An Interview with Branko Tomovic – By Kirsten Walsh

In the horror film “Entity”, there are a handful of characters, each one with their own motive. Branko Tomovic’s character- Yuri Levkov- is by far one of the most developed and unique characters in the film, which makes the film that much more scary. Tomovic has led an interesting film career, with credits ranging from action films to TV series, and soon, historical dramas. He has been awarded accolades for his dedicated acting style, including the 2013 British Filmmakers Alliance Award for his role in “Entity”. He was able to take a break from his intensive preparation for the upcoming film, “Tesla” to share with us some of his secrets!

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KW: Regarding "Entity", can you lay out the role of your character and how
you developed it?

BT: I play Yuri Levkov, the local Russian who tries to help the British TV crew and psychic Ruth to uncover the secret of that remote Siberian location, where 34 bodies were discovered in shallow graves. But he has a very dark secret himself. Without giving too much away, he is very ambiguous and on his own mission, there are many layers to him and only slowly we see his true face.

He is a very ambiguous but also twisted guy, deceptive and antagonistic in ways but certainly not the villain. I especially loved this unhinged turn and that he would go to any lengths to pursue his own mission. He is almost a victim himself, probably a complete psychological mess inside and desperate men can be the worst and most dangerous as they are so unpredictable and have nothing left to live for.

Steve, our director, actually rewrote that part for me. It was a completely different character in the first draft I received – an old English Professor of paranormal studies.

There were many rewrites of the script which is very common and Yuri developed and changed a lot. The essence was always there but then it became this whole character that had so many sides to him and as an actor that’s exactly what you want. Steve and I were always on the same page and had the same ideas about who he was and why he does certain things. And because I was there right from the beginning it was brilliant to bounce ideas off with Steve all the time. I absolutely loved playing this character, but then again I am always more drawn to the darker side of one’s personality.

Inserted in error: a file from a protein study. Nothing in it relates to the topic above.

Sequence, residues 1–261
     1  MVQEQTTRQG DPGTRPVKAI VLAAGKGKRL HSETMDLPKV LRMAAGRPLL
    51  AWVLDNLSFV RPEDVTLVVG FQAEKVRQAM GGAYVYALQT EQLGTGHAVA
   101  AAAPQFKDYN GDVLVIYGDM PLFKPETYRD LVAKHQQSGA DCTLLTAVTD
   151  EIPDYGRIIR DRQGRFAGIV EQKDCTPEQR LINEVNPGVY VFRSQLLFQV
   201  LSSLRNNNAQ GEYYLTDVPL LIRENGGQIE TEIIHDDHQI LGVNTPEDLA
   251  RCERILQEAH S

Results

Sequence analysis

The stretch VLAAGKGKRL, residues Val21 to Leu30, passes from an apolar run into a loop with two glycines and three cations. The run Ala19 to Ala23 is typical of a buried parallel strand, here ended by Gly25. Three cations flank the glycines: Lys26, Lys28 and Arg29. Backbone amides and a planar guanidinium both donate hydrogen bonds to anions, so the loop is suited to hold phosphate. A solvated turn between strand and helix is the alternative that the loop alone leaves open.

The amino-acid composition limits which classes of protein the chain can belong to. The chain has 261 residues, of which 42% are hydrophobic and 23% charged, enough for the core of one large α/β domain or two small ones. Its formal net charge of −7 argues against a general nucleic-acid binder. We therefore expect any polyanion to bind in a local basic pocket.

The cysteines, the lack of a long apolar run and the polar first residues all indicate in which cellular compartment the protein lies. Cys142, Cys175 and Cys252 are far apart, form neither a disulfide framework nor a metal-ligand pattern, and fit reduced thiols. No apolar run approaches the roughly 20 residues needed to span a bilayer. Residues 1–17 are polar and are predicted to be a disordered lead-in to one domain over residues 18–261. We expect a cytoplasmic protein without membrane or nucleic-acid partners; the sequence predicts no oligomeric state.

KW: Your style definitely added a lot to the film! Was the production more involved due to the found footage aspect?

BT: I think Entity uses the found footage very cleverly. It was never supposed to be one of those found footage films and it certainly isn’t. I get a headache from these films that are shot only in found footage, you can’t watch a shaky camera style film for 90 minutes. “Entity” only uses that style when it makes sense in the narrative. The majority of the movie is filmed in traditional style. "District 9" as an example also had a fantastic mix of camera styles which absolutely made sense for their story. But luckily, Yuri didn’t carry a camera, that footage would have probably been completely unusable!

KW: Definitely! The locations in the film were incredible, can you talk about the on location shoots? Leading up to the “facility”, it looked like you were out in the middle of the woods, which was incredible.

BT: “Entity” is set in a place called Sadovich, which is in a remote Siberian forest. Most of our locations, however, where old industrial locations in North Yorkshire. But it looked and felt certainly very real! We shot for three weeks, 6 days a week, pretty much all day. It was freezing and extremely cold and dusty in those locations. You can see our breath mostly throughout the entire film once we enter that huge silo building. Especially, in that scene in the cell where Ruth makes the first contact with the Entity and Yuri translates, that is one of my favourite scenes actually. My preparation included buying long underwear for the shoot and even those 4 layers didn’t always help, it would have probably been warmer to shoot in Siberia!